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Matt Seaton column: Doored in the USA

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Whether you’re practising or preaching, it’s always worthwhile taking time to slow down and think about how you ride through the city. Matt Seaton comments on the travails of New York City riding

Photographs: Rouleur
Matt Seaton ident

I got doored recently. It was one of the slowest collisions you could imagine. I was coasting to a stop at a red light at the intersection of 40th Street with 7th Avenue in midtown Manhattan. With a whole lane to myself on the right, and just one car stopped at the light in the middle lane, I didn’t give it quite the usual wide berth as I rolled to a halt.

 

Just as I got there, the front passenger door was flung open. I began to brake but I was right on top of it. In one respect, I was lucky: I was going so slowly that I wasn’t at risk of being flung headfirst into the door and being treated to some improv cosmetic surgery. But the very edge of the door connected with the first knuckle on my left hand, which was clamped on the brake lever, and tore it open.

 

It was a teenager travelling with his dad who’d impetuously hopped out at the light. I swore at him and shook my bleeding hand in his direction. But really, what are you going to do? He was just a kid: scared, mortified and completely at a loss. I didn’t want to look too closely at the wound, for fear of actually finding myself looking right into the joint. But I took a quick glance that told me it was probably not a lawsuit situation. I wrapped a handkerchief around the throbbing wound and, shaken but not in shock, set off home.

 

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By the next morning, it was clear that it needed stitches. Which was annoying, and cost me a $50 deductible and my medical insurer some absurd number of hundreds of dollars. Now, a couple of months later, I have a slightly misshapen knuckle, to go with the various scars, lumps and bumps one picks up along the way in life. Not the end of the world. Even salutary, I would say: a reminder that however smart you think you are about anticipating other road users’ folly, you cannot predict the full spectrum of stupid and careless.

 

This was only the second time I’ve been doored. The last time, more than 20 years ago, in London, I was luckier still. Similar circumstances: a passenger getting out of a car that was in the middle of the road, not pulled over to the side. It, too, was a low-speed collision and this time, I just ran into the inside panelling of the door. As a result, the door got the worst of it: its hinges buckled by being forced past their maximum extent. Not my problem.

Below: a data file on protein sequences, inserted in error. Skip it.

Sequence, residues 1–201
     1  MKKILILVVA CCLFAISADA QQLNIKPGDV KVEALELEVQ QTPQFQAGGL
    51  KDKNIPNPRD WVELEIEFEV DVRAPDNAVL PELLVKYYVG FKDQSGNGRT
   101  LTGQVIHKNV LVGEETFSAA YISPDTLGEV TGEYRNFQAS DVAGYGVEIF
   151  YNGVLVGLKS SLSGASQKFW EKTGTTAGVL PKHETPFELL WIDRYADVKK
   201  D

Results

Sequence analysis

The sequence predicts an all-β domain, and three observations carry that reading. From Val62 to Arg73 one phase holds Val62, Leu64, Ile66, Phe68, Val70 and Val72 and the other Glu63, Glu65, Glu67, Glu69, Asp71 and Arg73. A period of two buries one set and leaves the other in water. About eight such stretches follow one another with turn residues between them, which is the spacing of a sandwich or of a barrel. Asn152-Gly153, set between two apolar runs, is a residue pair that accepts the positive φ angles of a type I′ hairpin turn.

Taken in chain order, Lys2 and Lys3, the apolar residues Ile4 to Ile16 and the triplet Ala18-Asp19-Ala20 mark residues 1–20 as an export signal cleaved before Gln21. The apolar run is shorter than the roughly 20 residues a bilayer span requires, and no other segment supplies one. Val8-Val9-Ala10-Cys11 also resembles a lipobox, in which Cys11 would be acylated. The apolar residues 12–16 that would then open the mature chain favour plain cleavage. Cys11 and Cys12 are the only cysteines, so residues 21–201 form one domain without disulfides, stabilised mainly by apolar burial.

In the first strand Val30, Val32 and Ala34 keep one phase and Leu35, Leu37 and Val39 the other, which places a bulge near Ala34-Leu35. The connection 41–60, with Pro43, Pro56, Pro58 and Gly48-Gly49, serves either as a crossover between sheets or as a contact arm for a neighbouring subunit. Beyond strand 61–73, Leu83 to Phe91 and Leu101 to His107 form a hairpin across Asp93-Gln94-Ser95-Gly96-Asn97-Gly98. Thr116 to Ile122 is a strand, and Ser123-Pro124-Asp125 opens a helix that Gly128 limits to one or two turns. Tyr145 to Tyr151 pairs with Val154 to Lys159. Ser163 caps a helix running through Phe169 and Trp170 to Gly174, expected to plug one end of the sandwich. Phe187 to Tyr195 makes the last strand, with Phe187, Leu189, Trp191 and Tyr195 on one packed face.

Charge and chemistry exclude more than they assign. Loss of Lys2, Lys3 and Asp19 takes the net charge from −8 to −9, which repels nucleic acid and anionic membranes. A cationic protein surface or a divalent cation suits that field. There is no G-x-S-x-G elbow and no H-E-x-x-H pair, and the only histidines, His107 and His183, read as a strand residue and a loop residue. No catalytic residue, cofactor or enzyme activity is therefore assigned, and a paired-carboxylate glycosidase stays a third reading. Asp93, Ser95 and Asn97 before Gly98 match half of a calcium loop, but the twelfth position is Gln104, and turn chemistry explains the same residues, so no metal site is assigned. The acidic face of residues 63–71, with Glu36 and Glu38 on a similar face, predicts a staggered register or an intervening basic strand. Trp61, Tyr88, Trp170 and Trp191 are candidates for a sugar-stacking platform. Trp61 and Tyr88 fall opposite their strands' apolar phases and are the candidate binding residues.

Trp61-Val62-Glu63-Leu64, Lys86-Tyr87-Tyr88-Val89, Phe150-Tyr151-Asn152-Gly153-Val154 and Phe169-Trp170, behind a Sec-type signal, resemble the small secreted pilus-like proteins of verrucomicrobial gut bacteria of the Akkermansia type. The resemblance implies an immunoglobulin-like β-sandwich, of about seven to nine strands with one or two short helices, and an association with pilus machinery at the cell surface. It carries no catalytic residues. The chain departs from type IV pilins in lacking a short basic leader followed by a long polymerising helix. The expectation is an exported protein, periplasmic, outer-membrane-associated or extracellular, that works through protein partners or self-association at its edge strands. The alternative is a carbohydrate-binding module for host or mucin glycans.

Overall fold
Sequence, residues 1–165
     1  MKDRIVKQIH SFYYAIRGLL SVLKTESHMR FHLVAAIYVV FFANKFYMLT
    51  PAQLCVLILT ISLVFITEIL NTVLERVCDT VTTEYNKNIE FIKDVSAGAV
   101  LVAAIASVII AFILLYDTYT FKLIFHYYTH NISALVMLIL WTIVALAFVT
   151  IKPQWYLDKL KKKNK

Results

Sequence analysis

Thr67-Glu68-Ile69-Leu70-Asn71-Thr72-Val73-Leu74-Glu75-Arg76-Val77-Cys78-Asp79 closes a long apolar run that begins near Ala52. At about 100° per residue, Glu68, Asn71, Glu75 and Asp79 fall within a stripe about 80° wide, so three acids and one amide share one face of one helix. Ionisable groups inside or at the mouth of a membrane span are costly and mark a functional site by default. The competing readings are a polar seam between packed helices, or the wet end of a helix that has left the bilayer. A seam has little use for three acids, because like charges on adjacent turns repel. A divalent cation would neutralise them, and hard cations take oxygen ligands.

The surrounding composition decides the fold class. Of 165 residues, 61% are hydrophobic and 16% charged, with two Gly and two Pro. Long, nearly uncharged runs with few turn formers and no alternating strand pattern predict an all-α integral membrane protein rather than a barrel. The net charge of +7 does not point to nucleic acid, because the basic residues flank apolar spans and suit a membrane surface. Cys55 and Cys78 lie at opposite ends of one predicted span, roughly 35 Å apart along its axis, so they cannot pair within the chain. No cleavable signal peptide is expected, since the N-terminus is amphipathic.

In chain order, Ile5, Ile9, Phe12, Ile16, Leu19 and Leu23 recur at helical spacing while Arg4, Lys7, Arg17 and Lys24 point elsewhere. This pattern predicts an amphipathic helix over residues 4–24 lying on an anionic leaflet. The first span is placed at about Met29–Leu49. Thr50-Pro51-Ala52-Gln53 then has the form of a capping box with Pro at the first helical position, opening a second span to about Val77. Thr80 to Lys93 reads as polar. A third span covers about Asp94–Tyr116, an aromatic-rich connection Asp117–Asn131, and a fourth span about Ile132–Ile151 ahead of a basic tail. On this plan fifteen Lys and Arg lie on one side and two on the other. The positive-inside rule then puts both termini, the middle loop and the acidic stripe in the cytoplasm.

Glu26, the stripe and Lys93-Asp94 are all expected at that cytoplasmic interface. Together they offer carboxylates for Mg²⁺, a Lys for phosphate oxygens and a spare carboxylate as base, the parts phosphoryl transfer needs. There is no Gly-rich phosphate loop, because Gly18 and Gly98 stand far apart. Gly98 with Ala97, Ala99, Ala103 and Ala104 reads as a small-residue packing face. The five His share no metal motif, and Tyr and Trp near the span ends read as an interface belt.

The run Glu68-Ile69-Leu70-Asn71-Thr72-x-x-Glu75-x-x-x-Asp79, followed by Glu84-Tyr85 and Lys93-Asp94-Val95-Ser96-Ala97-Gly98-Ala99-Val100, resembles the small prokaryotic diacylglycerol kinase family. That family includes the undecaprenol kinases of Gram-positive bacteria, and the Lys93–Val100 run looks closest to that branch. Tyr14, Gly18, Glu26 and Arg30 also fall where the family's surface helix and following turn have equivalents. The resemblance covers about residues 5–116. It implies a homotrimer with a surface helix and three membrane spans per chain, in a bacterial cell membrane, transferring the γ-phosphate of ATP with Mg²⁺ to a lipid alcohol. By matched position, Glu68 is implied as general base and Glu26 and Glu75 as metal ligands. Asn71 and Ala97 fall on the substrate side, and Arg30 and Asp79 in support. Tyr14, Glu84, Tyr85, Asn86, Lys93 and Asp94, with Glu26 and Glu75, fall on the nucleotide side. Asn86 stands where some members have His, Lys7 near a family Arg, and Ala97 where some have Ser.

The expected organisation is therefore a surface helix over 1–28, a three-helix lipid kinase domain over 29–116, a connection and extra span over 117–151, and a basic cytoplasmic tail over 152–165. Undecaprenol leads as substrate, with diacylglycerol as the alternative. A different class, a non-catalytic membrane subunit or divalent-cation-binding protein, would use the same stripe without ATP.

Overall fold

I’ve learned in New York, though, that the odds of getting doored are multiples higher than in London, where generally drivers and car passengers are somewhat more aware of cyclists’ presence and where it’s more customary for cars and cabs to pull over for passengers to disembark. Not so in NYC, where in pretty much any lane, even the middle of a six-lane avenue, someone may dismount from either side of a temporarily stationary car. There is also no cultural norm about pulling over to the side to let passengers in or off. And there is precious little enforcement: even where a dangerous exit from a vehicle has resulted in a dooring incident, figures from the Department of Motor Vehicles suggest that only a hundred or so tickets are handed out for this specific violation each year statewide — for an offense that results in, conservatively estimated, at least one cyclist casualty per day in New York City.

 

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In short, it’s commuter-traffic roller-derby mayhem out there. And for the cyclist, the only rule is every man for himself: don’t ride in the “door zone” if you can help it.

 

Things are no better in other US cities. It is estimated that in Boston, nearly a quarter of bike accidents (sic) are caused by dooring. In Chicago, a similar rate of one-fifth of bike crashes were attributed to doorings.

 

When a young woman was killed in 2016 in a dooring incident in Cambridge, Massachusetts, a retired doctor and long-time cyclist there named Michael Charney launched a campaign to have the “Dutch Reach” included as a default in driver education. This is the practice, long taught in the Netherlands, of using the hand on the opposite side of the door to pull the latch, which forces drivers to turn their torsos and heads and encourages a look behind before opening the door.

 

Six months into Dr. Charney’s Dutch Reach Project, the effort had started to pay off, with coverage on public radio and popular podcasts like 99% Invisible. A video about the reach made by the web producers of Outside Magazine has been viewed more than 1.3 million times. In February, the UK’s Royal Society for the Prevention of Accidents adopted the advice for its Road Safety site.

 

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All good, but I’m not holding my breath that legions of New York drivers will soon pick up the habit. Though I suppose it’s possible all the ones I see looking at their smartphones while driving might be learning about the Dutch Reach. I place my hopes more in the heft of bike-hire scheme Citibikes and the renters’ efficacious lack of dooring-risk awareness to do the driver education. It won’t take too many collisions with one of those tanks for car-proud motorists to develop some self-preserving caution.

 

In the meantime, I need to teach myself to practice what I’m preaching. Because you know what they say: door unto others as you would be doored by.

 

This column was first published in Rouleur 17.3